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Sunday, August 20, 2006 | Permalink
Generating lightmaps can be a quite time-consuming task, thus they are typically generated offline and shipped with the application. That's also what I've done in the past with the demos that use lightmaps. Even though my lightmap generation code probably could be optimized a fair bit, I doubt any CPU implementation could get anywhere close to the performance you can get by offloading this task to the GPU, which is what this demo does.
First a position map is generated on the CPU. The position map contains the worldspace position that each pixel in the lightmap maps to on the geometry it's used with. The position is preprocessed a bit to push it out slightly from the geometry to avoid precision problems. It's particularly important since I generate four position maps to antialias the shadow slightly, and the offset sample positions cannot cut into the geometry or you'd get artifacts.
The shadows are generated with a standard cubic shadow mapping technique, except it's done in texture space of the lightmap with the position looked up from the position map. The process of generating the shadow map is quite fast and definitely real-time if you're doing plain hard shadows. The texture filter will then smooth the edges a bit to get somewhat soft shadows. This is slower than just doing shadowmapping directly though and the quality improvement is relatively small. It does give you the option to blur the shadow in lightmap space, which is cheaper than doing it per pixel with regular shadow mapping. However, in order to really differenciate from plain shadow mapping this demo implements real soft shadows with the light sampled at 512 positions. The shadow for each light position sample is also 4x antialiased. The antialiasing was added since it adds some extra quality especially with a small light radius and adds very little to the cost (generating the shadow map is the bottleneck). Generating this soft shadow is almost real-time, but not fast enough to do every frame. However, once it's been generated it can be reused forever and give you soft shadows nearly for free.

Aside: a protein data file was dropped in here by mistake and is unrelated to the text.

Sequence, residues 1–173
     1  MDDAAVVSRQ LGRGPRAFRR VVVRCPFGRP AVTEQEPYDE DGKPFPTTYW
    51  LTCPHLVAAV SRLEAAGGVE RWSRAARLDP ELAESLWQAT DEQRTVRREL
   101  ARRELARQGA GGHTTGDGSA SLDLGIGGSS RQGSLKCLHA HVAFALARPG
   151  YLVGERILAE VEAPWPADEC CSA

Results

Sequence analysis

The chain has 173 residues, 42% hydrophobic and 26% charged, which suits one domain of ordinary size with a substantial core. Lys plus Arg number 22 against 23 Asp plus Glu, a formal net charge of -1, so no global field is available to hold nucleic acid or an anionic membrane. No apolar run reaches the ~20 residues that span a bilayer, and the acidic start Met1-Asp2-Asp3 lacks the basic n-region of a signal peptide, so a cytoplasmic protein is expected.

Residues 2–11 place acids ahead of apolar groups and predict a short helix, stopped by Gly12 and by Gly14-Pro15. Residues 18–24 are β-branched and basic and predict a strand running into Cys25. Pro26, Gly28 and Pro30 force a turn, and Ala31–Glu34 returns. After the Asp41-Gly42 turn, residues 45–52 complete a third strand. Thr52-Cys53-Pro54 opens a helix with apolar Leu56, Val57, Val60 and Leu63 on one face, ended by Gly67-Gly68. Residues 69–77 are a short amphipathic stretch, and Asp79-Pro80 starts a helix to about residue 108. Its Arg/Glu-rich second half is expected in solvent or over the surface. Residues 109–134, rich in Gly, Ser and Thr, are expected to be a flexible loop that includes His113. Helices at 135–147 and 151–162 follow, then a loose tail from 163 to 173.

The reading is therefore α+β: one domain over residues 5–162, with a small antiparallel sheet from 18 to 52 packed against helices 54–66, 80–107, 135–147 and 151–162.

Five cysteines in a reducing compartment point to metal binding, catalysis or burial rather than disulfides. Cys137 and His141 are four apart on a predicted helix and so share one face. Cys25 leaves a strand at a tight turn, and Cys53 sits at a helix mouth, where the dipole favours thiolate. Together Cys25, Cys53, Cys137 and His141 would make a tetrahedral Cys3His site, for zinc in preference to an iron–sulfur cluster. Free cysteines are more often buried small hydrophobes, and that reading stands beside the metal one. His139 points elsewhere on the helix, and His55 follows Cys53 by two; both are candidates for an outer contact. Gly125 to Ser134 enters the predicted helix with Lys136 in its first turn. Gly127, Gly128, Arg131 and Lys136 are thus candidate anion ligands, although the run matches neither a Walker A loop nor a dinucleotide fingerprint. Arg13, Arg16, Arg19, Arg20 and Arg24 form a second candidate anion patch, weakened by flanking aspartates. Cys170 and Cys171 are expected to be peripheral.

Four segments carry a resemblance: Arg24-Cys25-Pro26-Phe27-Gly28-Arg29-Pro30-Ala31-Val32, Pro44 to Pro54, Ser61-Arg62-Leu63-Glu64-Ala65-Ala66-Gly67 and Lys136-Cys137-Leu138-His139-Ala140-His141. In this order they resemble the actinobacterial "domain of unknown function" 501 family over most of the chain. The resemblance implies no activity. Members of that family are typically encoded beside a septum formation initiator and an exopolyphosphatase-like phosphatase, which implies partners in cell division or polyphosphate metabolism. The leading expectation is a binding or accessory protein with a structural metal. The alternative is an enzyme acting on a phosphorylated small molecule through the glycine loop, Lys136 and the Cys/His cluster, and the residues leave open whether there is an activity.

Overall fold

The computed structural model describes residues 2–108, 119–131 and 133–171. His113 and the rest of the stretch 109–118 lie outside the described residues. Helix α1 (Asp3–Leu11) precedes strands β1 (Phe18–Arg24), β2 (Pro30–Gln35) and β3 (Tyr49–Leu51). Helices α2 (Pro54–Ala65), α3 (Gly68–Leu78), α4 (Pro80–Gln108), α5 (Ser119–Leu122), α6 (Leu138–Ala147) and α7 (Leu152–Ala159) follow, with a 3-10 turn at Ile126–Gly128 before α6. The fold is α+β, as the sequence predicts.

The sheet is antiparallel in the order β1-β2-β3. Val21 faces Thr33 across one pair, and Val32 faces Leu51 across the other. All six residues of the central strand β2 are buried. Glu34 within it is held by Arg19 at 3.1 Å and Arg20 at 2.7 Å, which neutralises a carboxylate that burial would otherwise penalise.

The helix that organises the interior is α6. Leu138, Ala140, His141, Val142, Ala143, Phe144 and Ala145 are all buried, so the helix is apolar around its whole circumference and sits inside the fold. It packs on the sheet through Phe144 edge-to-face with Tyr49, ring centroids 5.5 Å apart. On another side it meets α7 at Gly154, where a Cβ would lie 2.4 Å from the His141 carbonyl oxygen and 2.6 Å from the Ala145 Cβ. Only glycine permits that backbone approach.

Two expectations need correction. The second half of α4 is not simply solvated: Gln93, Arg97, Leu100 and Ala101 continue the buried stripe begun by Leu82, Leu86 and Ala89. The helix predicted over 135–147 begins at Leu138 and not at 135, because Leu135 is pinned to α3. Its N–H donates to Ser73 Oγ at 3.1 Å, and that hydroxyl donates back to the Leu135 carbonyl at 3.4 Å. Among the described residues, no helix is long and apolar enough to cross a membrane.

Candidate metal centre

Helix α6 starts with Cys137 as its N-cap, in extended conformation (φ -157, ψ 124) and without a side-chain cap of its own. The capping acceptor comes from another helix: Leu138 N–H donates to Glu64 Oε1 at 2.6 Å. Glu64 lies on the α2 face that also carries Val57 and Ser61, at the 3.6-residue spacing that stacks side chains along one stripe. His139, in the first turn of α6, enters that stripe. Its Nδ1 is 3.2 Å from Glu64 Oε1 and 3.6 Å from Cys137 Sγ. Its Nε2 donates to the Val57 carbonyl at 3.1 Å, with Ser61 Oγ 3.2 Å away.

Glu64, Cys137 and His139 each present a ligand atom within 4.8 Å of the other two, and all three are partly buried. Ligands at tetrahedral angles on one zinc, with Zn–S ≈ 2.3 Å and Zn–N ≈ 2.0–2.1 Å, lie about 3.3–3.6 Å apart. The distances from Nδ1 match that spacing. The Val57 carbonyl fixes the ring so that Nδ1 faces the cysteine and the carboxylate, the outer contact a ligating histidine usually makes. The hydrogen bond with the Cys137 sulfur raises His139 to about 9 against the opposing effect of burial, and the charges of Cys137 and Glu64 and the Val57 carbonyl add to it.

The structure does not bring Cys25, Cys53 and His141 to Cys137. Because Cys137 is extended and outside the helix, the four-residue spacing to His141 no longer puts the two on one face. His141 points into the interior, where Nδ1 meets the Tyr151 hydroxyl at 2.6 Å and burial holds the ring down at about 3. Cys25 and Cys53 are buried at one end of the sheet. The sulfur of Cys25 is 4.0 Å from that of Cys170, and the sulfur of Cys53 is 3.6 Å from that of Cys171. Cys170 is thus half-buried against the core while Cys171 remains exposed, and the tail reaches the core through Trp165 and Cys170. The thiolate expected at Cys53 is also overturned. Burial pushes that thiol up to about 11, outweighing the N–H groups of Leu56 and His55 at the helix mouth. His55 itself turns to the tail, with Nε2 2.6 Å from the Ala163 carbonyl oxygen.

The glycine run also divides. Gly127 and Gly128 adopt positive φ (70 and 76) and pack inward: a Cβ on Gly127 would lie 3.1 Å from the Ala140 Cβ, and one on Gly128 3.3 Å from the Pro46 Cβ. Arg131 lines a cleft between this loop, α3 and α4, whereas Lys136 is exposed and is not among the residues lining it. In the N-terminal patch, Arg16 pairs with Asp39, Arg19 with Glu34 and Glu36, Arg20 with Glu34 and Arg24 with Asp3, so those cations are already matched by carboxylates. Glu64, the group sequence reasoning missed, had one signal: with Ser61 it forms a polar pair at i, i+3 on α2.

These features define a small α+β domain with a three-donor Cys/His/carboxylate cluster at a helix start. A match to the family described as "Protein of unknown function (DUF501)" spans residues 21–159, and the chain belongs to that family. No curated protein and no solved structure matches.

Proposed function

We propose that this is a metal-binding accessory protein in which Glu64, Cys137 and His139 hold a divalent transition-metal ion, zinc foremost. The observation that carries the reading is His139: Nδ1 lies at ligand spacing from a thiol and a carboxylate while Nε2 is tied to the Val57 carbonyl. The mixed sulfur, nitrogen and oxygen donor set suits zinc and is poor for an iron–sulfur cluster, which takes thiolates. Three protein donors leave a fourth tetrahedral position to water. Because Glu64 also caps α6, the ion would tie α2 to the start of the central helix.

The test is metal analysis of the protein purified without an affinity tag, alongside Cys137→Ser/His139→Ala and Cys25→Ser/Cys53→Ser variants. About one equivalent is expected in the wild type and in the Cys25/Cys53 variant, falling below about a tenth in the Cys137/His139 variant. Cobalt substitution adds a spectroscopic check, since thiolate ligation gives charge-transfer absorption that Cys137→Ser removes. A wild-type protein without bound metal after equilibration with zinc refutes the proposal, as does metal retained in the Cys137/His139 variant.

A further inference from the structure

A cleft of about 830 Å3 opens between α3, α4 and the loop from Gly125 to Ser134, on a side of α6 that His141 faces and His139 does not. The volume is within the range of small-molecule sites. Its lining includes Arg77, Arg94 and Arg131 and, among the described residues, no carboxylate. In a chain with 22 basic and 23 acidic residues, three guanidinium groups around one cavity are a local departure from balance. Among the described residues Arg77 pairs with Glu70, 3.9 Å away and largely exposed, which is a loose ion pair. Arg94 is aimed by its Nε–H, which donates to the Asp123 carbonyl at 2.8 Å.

Typical applications of this technique could be to either generate lightmaps fast on end-user machines to reduce download size, or for semi-dynamic lights in games, where the light position is expected to remain static most of the time, such as lighting up a candle.
This demo should run on Radeon 9500 and up and GeForce FX 5200 and up.
On the first run it will generate four position maps, so it may take up to maybe 10 seconds to load. Later runs will start much quicker.